Unfortunately, safe and sacred spaces can’t be taken for granted. Rolling Ridge is part of a larger denomination—the United Methodist Church (UMC)—that isn’t always a haven for LBGTQ+ people. The official lawbook of the denomination defines marriage as the union of one man and one woman, and prohibits its clergy and facilities from celebrating weddings between couples who aren’t straight. The global church is preparing to split over the issue. It’s the reason that Rolling Ridge—along with the New England Annual Conference (a regional grouping of United Methodist churches across five states in the American Northeast)—has enacted a position of faithful dissent to the denomination’s official policy. We are committed to celebrating the diversity and dignity of the LGBTQ+ community, and to building bridges of understanding about the challenges and struggles they face.
I ask Danny if he sees signs of progress. As an answer, he points to changes, big and small. More and more churches and faith-based organizations are embracing the LGBTQ+ community, and affirming their valued identity as children of God, something that was all but unthinkable in decades past. We talk about the work we’ve been doing Rolling Ridge in the last few years—our partnership with the Reconciling Ministries Network, a movement within the United Methodist Church that advocates for full inclusion of LGBTQ+ people in the life and ministry of UMC, and our recent “Voices and Stories” event this month with Bishop Peggy Johnson, Bishop of the New England United Methodist Church, and her spouse Rev. Mary Johnson. A record 97 people registered to hear them share passionately and honestly about Bishop Peggy’s ministry, and Rev. Mary’s experience as a trans woman.
Bishop Peggy Johnson (left) and Rev. Mary Johnson (right) at a "Voices and Stories" event at Rolling Ridge.
Yet as we talk, and our conversation touches upon abstract issues and high-profile events, Danny keeps bringing me back to people. For Danny, acceptance and inclusion aren’t simply about slapping on a rainbow sticker, or raising a Pride Flag outside a building—though of course, these things can matter tremendously. Acceptance is something that happens at a human level. It’s something that gets past the surface of things—down past even the fear that lives beneath the skin—to the heart of the matter, where love and understanding reside. “It starts with the staff,” Danny says. “The staff have to radiate love and acceptance, that everyone is a beloved child of God.” He tells me that his fellow staff members, past and present, see and accept all aspects of who he is, not just the parts that are convenient as an employee. Rolling Ridge is more than just a workplace for him; it’s a family, a community, a place to belong.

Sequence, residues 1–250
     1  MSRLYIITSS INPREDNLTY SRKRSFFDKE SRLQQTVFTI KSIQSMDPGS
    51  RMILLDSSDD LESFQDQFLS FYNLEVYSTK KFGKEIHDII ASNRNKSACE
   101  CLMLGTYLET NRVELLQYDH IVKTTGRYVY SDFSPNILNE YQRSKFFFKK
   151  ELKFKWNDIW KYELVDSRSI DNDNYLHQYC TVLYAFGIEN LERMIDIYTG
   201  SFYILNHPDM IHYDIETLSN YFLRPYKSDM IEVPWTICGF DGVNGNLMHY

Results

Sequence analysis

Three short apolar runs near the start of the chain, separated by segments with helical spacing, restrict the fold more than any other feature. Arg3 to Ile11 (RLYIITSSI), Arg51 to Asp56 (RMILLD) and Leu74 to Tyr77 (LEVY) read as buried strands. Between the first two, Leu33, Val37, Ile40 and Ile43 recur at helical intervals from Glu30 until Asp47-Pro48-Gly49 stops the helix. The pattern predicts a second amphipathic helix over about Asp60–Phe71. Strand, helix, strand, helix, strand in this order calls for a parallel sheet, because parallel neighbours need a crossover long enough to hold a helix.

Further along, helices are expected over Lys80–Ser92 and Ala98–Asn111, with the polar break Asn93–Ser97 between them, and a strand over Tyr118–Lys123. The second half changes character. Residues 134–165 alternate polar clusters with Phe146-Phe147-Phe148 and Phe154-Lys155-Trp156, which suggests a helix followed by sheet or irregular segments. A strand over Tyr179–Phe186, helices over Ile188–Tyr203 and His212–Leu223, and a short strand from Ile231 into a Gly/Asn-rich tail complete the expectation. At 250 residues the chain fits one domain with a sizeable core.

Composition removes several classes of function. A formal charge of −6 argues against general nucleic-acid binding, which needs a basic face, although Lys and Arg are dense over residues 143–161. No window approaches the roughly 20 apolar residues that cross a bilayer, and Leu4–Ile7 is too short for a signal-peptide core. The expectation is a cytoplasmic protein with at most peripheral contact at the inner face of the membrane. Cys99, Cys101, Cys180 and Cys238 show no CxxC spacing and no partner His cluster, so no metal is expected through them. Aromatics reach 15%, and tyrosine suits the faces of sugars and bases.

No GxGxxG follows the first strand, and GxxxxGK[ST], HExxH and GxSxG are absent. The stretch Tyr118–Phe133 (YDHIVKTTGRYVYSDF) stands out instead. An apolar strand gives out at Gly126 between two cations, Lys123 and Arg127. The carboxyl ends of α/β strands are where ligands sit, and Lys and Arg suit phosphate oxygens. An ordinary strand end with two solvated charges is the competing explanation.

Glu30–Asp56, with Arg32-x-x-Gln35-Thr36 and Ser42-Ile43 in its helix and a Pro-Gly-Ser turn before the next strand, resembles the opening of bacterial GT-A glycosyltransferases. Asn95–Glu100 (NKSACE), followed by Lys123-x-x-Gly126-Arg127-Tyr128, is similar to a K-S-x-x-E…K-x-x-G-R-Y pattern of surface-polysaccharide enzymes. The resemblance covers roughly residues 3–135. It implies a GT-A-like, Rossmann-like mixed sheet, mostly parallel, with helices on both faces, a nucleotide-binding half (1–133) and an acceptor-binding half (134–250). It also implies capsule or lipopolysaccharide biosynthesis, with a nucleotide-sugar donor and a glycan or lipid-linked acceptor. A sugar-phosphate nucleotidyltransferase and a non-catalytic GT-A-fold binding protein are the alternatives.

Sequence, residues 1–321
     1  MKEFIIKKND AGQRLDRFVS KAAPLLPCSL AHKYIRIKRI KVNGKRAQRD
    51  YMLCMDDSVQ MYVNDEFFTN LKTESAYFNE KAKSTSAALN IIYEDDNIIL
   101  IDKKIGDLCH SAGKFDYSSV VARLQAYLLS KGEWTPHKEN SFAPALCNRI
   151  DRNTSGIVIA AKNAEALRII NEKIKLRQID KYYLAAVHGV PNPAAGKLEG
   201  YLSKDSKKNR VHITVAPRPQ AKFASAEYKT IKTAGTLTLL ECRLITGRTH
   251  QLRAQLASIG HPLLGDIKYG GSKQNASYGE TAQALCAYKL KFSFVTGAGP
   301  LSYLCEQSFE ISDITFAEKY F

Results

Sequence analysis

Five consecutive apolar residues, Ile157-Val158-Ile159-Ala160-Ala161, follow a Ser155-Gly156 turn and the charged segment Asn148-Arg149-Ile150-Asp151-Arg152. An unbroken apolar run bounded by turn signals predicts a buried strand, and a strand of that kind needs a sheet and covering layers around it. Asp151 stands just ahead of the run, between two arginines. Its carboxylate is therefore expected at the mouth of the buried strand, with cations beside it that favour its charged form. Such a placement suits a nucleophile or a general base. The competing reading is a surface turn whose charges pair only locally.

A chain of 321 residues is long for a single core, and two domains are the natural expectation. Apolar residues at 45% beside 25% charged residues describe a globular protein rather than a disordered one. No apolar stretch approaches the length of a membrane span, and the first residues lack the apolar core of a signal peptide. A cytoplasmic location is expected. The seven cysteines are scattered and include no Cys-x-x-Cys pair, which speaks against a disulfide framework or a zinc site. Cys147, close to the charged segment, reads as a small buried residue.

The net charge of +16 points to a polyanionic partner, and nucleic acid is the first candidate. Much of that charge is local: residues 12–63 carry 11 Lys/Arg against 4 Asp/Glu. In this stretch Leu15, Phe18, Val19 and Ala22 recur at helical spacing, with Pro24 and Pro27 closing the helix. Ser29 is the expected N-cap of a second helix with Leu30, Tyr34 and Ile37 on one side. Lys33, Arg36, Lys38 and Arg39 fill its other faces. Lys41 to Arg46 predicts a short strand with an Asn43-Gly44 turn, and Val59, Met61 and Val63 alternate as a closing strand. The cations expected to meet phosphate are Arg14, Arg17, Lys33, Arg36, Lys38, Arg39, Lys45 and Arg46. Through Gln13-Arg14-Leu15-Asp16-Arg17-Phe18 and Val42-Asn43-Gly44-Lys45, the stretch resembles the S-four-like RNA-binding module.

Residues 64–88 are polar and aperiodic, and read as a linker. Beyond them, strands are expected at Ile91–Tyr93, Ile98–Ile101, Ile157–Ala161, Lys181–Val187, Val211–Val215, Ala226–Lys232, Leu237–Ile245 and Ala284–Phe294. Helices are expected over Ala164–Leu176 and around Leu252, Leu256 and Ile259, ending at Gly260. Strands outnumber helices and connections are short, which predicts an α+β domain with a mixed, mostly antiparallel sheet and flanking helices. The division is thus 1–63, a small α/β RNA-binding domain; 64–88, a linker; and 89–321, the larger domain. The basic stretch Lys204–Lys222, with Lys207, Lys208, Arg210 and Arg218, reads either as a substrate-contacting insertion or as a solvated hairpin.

As we talk, it strikes me that this quest for the authentic self is absolutely central to Rolling Ridge, both in what we do ourselves and what we teach others. The art of deep listening is the act of discovering one’s own authentic self in relationship to others—to see the beauty and complexity of another life, and welcome without fear or judgment another person’s true identity. When people learn to relate to each other at that deeply spiritual level—to be fully known and to know fully—it becomes impossible to label, demean, or hate.
Danny Smith raises a flag for Pride month outside Main Street Congregational Church, UCC, in Amesbury, MA.
As for Danny, he’s finding ways to use his voice and his position to advocate for change and for justice. He feels called to share his story and his perspective with others, especially those who are in positions of influence in the church and in society at large. Just the other week, he raised the Inclusive flag outside of Main Street Congregational United Church of Christ in Amesbury, MA. He's an active congregant of the church, and serves there on staff part-time. No longer does he assume that being gay and being a part church are mutually exclusive—just the opposite.
And he keeps inspiring change in others. In fact, his proudest moment came as a result of overcoming the fear of flying the flag outside his door.
“I posted the picture of my Pride Flag on Facebook,” Danny tells me. Along with the picture, he added a simple message: "So for years I have NOT flown this out of fear of being physically harmed or my home being trashed" and ending with the words: “I have decided to stop letting fear win.” A few days later, a friend posted a reply: “[I] put out a Pride Month Flag on our mailbox today. I have to admit that I harbor a fear that someone might run it over, but if you can be brave, so can I.”
If you’d ask him, Danny Smith would tell you he's especially proud of moments like this: helping people celebrate who they are without fear. He’d say he’s proud to fly a Pride Flag outside his door, as a symbol of his identity and values. He’d say he’s proud to be part of the LGBTQ+ community, and proud to be part of the Rolling Ridge community.
But most of all, if you’d ask him, he’d say he’s proud to be Danny Smith.
Danny Smith is the Director of Operations at Rolling Ridge, and is our longest-serving staff member. He has been part of the team since 2008! We invite you to send him an encouraging message at email@example.com.